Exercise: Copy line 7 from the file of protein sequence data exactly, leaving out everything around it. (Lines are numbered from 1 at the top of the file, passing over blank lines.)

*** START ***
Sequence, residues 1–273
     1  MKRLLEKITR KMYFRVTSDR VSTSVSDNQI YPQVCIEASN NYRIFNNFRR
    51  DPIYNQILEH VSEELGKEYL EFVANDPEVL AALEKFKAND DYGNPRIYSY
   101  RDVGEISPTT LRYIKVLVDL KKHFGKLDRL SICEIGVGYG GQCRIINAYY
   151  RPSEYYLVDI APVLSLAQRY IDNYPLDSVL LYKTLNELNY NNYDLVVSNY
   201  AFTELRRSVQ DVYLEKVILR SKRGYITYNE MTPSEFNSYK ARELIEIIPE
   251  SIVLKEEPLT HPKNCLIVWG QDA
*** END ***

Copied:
   251  SIVLKEEPLT HPKNCLIVWG QDA